Kyle Jensen / The Record Coupeville resident Skyy Lippo, who plays the Rat Queen, rehearses her routine during the battle scene.

Roles, sets altered for this season’s ‘The Nutcracker’

When the elegant ballet performers, extravagant costumes and little dancers from “The Nutcracker” are only weeks from taking center stage, it’s a sign the holiday season is just around the corner.

But what would Whidbey’s rendition of the traditional play be without the typical Whidbey twist? Fortunately for those itching to bring their families to the ballet, Whidbey Island Dance Theatre is once again bringing fresh ideas to the plate.

“Our performance is different from the traditional story of ‘The Nutcracker; it’s very Whidbey,” Artistic Director Charlene Brown said. “There is an enchanted forest, a mermaid scene which is traditionally Arabian and we played around with some lead roles.”

The dance theater’s performance of “The Nutcracker” is returning for the 24th year beginning Friday, Dec. 9. The season runs from the 9th to Sunday, Dec. 18, with performances at 7:30 p.m. Friday and Saturday evenings and 2 p.m. matinee performances on Saturdays and Sundays. General tickets cost $20 if purchased ahead of time, while tickets for seniors, military and children cost $17. Tickets are also $17 for groups of 8 or more. The price is $22 at the door.

Tickets for opening night cost $17.

According to Assistant Artistic Director Brittany Falso, Whidbey Island Dance Theatre “wouldn’t do our community justice” if it didn’t add its own twist to the renown ballet. Some of the traditional sets were ditched for backdrops that are “very Whidbey,” including an enchanted forest complete with a faerie queen and forest king, as well as island twists on original characters such as Madame Ginger and her children. Mermaids can be seen swinging from ropes of seaweed in an underwater world rather than the Arabian scene typically seen in the ballet.

“We are not the traditional nutcracker,” Falso said. “Our story is the same with Clara and the Nutcracker, but we try to do something a little bit different, especially with our cast.”

Whidbey Island Dance Theatre opted to go with a female lead as the Rat Queen in place of the traditional Rat King role, one of the many shake ups to the original ballet. During the fight scene between the Nutcracker and Rat Queen, the choreography will be much different. Brown said she wanted to tinker with a different gender dynamic in the battle.

Although the roles of Rat Queen and Clara require highly skilled dancers, one would be wrong in assuming the company hires dancers from outside its core group of girls.

“Our principal roles are going to our company girls,” Brown said. “The guests that we do bring on for other roles always end up raving about how impressed they are with the local dancers. I think a lot of people expect to see a recital, but we’ve proven to put on a great production.”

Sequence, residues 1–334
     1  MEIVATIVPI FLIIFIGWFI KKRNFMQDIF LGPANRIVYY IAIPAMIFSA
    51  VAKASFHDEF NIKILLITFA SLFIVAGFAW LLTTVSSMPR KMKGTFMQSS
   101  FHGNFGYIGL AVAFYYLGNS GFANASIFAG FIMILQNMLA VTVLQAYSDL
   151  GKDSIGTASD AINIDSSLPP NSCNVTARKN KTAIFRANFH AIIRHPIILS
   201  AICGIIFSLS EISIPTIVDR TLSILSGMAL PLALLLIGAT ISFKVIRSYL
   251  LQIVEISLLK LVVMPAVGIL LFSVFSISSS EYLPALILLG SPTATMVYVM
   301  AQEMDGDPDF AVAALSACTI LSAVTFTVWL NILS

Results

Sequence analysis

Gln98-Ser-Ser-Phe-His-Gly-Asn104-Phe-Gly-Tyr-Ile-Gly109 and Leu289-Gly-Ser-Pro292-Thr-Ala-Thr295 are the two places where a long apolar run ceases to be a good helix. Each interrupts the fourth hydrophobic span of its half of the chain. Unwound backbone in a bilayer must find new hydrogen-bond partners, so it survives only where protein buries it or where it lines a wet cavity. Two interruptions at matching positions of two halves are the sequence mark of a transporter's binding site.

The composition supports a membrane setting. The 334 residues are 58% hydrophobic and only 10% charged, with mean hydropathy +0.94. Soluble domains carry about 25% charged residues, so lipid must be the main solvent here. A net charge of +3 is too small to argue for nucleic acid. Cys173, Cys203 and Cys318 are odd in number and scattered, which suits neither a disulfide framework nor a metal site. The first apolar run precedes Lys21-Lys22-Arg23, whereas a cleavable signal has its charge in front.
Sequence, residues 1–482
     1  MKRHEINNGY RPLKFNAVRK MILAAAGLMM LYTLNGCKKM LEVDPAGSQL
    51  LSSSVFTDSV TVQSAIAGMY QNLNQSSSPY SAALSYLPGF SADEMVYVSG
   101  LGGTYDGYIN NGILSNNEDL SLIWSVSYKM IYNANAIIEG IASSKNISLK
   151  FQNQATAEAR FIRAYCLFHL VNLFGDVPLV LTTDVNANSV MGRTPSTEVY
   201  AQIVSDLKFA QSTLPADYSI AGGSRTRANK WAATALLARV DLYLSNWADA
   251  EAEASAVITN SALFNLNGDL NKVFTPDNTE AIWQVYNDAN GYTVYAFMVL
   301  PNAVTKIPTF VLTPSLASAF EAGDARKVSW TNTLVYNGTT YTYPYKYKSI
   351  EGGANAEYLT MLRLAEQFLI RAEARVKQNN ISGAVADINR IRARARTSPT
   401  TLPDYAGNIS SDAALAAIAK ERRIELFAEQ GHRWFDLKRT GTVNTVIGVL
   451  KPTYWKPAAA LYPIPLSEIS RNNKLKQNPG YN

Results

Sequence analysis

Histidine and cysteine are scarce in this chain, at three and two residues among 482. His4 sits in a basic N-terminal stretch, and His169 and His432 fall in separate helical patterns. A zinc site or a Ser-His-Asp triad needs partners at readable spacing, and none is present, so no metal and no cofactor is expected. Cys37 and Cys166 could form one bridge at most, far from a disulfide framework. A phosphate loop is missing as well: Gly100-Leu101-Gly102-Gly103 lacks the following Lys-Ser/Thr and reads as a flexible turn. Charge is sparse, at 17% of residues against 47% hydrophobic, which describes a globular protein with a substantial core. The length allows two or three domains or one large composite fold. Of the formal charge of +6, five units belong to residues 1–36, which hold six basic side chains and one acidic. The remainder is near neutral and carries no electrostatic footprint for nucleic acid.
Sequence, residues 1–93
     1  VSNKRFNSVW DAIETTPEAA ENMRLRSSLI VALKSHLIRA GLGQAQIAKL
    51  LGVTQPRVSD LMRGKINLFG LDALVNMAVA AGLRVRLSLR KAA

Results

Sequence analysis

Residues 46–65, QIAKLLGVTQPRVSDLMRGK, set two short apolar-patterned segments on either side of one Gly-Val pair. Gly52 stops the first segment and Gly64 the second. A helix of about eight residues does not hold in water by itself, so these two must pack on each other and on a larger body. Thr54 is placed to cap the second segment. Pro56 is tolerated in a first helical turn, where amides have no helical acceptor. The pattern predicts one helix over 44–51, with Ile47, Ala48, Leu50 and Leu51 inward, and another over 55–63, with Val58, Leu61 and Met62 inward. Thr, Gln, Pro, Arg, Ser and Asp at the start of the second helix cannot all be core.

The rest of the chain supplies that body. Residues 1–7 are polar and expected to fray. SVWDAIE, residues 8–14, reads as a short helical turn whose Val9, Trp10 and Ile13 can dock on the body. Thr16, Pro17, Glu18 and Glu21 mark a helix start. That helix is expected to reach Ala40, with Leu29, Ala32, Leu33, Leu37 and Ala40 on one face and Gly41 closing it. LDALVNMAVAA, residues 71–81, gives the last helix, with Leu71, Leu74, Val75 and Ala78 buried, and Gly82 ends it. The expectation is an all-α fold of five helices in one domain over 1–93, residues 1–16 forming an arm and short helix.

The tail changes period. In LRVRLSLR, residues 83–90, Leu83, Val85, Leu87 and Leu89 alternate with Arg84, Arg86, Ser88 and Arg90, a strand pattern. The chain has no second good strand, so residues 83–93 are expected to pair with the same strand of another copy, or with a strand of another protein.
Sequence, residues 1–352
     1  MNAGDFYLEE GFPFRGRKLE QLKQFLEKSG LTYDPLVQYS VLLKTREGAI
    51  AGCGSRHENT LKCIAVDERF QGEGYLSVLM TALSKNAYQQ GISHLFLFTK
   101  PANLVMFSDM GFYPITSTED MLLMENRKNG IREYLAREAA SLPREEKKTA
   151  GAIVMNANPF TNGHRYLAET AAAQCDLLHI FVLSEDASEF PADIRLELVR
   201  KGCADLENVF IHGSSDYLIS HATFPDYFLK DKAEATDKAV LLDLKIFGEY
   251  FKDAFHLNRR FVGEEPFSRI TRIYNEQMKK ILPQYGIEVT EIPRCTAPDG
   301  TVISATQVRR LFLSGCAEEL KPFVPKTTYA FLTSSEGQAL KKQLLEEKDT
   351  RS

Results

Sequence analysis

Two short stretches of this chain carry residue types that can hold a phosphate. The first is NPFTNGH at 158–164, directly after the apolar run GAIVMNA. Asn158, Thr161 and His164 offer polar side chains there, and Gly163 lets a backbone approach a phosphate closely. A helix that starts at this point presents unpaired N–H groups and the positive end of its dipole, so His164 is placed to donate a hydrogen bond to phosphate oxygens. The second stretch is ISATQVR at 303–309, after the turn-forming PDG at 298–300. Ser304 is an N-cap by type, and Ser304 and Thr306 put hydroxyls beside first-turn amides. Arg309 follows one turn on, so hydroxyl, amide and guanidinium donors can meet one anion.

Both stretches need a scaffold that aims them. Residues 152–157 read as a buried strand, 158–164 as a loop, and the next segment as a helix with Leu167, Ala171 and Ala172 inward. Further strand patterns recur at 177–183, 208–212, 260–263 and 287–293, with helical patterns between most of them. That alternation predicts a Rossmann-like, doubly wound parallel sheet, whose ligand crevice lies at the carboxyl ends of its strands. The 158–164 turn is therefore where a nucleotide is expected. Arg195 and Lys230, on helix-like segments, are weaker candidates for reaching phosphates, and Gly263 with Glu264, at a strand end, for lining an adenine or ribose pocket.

Leading the ballet this year are two of Whidbey Island Dance Theatre’s most prominent young company girls: 17-year-old South Whidbey High School student Alexa Varga and 16-year-old Coupeville native Skyy Lippo. This season, Varga will be Clara, the lead role of the ballet, while Lippo will assume duties as the Rat Queen. Both were part of Whidbey Nutcracker performances as bumblebees and other child roles when they were eight or younger, but they have now become two of the show’s stars.

“It’s really cool coming from being a baby mouse to a lead role,” Varga said. “When I was a baby mouse, I looked up to Clara so much. It’s really full circle.”

Raising its own dancers and using them in prominent roles rather than hiring outside dancers is a theme for the theater’s Nutcracker production. Even many of the contracted dancers are alums of Island Dance like Graham Vanderwood, the Nutcracker, and Zane Vanderwood, the Nutcracker prince. Falso returned to the company last year as the assistant artistic director after starting her dancing career under Brown at Island Dance as a 3-year-old.

As company dancers age and leave the island to pursue college educations and dancing careers, one person remains a constant and continues to bring former pupils back to the company as instructors and choreographers: Brown, artistic director.

Brown has overseen the Nutcracker performance for all 24 seasons. These days, she says she is taking more of a backseat and working with the youngest dancers while handing over larger roles to her assistants. But for Brown, seeing her former pupils want to come back to the company on a professional level is an honor.

“In this studio, alumni have come back through those doors and said they’ve had such a great time that they want to teach here,” Brown said. “I’m always willing to put the younger people in the spotlight. Seeing the young dancers become professional dancers and choreographers feeds me.”

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